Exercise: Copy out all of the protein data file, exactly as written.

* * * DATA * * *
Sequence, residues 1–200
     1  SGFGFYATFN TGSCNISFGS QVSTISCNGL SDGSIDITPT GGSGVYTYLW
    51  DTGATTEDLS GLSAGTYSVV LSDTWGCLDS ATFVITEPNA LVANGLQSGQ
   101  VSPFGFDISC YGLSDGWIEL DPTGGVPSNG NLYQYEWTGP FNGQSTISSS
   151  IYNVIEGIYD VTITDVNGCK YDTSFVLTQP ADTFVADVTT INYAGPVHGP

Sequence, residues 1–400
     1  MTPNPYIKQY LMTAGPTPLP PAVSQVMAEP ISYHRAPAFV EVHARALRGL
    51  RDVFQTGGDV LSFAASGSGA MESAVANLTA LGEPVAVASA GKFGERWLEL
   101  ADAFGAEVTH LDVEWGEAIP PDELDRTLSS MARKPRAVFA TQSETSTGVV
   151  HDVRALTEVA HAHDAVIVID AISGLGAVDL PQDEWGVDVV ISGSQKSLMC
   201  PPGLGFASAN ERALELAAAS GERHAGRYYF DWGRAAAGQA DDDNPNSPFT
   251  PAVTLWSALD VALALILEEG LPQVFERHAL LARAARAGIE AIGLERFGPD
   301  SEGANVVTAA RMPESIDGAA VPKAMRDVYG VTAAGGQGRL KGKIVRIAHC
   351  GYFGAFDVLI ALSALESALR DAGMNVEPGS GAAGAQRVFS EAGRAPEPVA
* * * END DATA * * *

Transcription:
Sequence, residues 1–200
     1  SGFGFYATFN TGSCNISFGS QVSTISCNGL SDGSIDITPT GGSGVYTYLW
    51  DTGATTEDLS GLSAGTYSVV LSDTWGCLDS ATFVITEPNA LVANGLQSGQ
   101  VSPFGFDISC YGLSDGWIEL DPTGGVPSNG NLYQYEWTGP FNGQSTISSS
   151  IYNVIEGIYD VTITDVNGCK YDTSFVLTQP ADTFVADVTT INYAGPVHGP

Sequence, residues 1–400
     1  MTPNPYIKQY LMTAGPTPLP PAVSQVMAEP ISYHRAPAFV EVHARALRGL
    51  RDVFQTGGDV LSFAASGSGA MESAVANLTA LGEPVAVASA GKFGERWLEL
   101  ADAFGAEVTH LDVEWGEAIP PDELDRTLSS MARKPRAVFA TQSETSTGVV
   151  HDVRALTEVA HAHDAVIVID AISGLGAVDL PQDEWGVDVV ISGSQKSLMC
   201  PPGLGFASAN ERALELAAAS GERHAGRYYF DWGRAAAGQA DDDNPNSPFT
   251  PAVTLWSALD VALALILEEG LPQVFERHAL LARAARAGIE AIGLERFGPD
   301  SEGANVVTAA RMPESIDGAA VPKAMRDVYG VTAAGGQGRL KGKIVRIAHC
   351  GYFGAFDVLI ALSALESALR DAGMNVEPGS GAAGAQRVFS EAGRAPEPVA